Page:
Supermarkets, restaurants, banks and hairdressers are running out of money. The security and money transport companies called for a warning strike lasting several days last Friday. Since then, branches and companies have not been served with change. FOCUS Online says how to proceed.

The first warning strike by money and value suppliers, which the Verdi union had determined for the industry, ended on Tuesday. Employers’ associations and unions have been sitting at the negotiating table ever since.

According to the first reports, the talks between the employers’ associations and the Verdi union ended around 2 a.m. on Thursday night. In the meantime there has been speculation about a possible termination of the fourth round of negotiations.

According to information from FOCUS Online, this is denied by both sides. An insider said they got closer that night.

In the meantime, the Federal Association of German money and value services (BDGW) confirms the FOCUS online information.

A press release states: “The negotiating parties were able to agree on a new collective agreement during the night. The agreement includes a collective agreement with a term of 26 months and an increase of up to 18.29 percent.”

Employees at cash and valuables transport companies wanted more money. The Verdi union had been negotiating a federal wage agreement with the Federal Association of German Monetary and Valuable Services (BDGW) since June. He should bring the 11,000 employees a salary increase of almost 11 percent.

After the third round of negotiations collapsed last week, the Verdi union called a warning strike last Friday. This lasted until Tuesday.

As a result, retailers, banks and service providers have not received cash delivery.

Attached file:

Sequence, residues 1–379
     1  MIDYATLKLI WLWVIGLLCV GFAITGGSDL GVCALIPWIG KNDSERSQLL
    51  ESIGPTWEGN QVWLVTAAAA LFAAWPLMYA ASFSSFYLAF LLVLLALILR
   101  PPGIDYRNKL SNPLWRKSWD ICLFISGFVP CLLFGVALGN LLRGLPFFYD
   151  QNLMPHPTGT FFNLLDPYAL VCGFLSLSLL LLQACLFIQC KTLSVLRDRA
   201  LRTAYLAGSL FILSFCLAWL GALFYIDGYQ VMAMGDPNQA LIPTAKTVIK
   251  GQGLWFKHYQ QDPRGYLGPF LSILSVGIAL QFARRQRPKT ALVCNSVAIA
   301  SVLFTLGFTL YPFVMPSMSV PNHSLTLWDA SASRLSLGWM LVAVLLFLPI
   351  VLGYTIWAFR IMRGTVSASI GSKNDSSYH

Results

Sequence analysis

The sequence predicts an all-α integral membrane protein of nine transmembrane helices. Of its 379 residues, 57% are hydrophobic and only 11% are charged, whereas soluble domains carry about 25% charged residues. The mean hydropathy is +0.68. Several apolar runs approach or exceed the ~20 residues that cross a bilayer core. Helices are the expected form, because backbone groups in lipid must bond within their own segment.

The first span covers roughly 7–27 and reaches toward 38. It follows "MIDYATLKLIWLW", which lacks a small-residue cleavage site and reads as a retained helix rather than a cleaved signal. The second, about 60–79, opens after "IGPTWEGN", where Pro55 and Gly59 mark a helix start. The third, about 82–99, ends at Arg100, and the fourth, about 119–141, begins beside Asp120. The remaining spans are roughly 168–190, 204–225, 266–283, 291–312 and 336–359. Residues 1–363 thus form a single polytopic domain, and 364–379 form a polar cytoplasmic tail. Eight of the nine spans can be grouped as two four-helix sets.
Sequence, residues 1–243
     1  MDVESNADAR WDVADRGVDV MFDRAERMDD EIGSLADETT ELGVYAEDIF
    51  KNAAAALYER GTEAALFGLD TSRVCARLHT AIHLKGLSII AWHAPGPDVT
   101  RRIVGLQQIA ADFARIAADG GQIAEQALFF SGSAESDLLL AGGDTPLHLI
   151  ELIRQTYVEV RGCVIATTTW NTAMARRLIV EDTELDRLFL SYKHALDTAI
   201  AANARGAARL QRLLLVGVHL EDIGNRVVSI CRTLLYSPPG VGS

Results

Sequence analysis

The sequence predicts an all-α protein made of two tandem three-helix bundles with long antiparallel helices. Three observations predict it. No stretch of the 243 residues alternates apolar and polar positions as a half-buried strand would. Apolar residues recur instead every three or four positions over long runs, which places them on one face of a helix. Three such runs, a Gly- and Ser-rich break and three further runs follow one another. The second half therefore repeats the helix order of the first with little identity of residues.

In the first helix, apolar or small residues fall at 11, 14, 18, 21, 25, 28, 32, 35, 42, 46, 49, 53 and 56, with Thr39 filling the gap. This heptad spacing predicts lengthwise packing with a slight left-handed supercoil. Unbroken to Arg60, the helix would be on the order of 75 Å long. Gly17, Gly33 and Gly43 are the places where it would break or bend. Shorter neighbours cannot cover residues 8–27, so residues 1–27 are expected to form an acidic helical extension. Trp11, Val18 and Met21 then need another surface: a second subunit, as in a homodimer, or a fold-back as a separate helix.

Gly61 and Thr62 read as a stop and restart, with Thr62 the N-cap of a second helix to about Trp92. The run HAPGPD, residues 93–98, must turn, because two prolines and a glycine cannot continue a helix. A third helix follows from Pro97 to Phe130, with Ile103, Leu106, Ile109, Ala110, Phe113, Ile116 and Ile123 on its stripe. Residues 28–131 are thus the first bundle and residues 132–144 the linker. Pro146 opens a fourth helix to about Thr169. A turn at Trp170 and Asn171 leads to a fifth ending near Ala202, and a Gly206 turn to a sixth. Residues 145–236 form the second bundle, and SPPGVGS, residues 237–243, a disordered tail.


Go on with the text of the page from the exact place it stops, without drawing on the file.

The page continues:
“Dear customers, if possible, please only pay by card,” said a Rewe branch in Munich on Tuesday morning. Employees of Edeka, dm and Rossmann confirmed in an interview with FOCUS Online that no change had arrived in the branches between Friday and Tuesday. The delivery of cash was also delayed on Wednesday, since banks had not received any cash in the previous days either.

Even ATMs could not be filled with cash. In some cases, the bank branches have even been closed altogether.

The situation should have normalized by Friday at the latest.

In rural regions it could take a little longer before the situation normalizes, according to a Sparkasse branch in Munich. Bank branches that are more affected by the warning strike due to their high customer volume would receive money first.

The shortage of cash was particularly bitter for companies that do not accept card payments and rely on cash. In some cases they had to close. “I work for a hairdressing company in Darmstadt. We had to close on Tuesday because we had no money in the till and my boss couldn’t get any cash from the bank,” said FOCUS Online reader Emma Marion.

Pharmacies, libraries, butchers and bakeries are also currently affected by cash shortages because change has not been delivered for days. As FOCUS Online learned, small businesses in particular were surprised by the warning strike.

Supermarkets and discounters – including Netto Marken-Discount, Lidl, Rewe, Aldi Süd and Aldi Nord – had been stocking up on cash since last week. Corresponding measures were defined in the so-called daily e-mails by the responsible central offices. Excerpts are available to the editors.

According to this, cashiers should actively ask for coins in cents and euros in order to put “sufficient change” in the till boxes. If employees have to give more than five coins as change, you should actively ask for card payment.

“Be careful with 1 euro, 10 cent and 1 cent coins,” wrote a Rewe branch manager to his employees.

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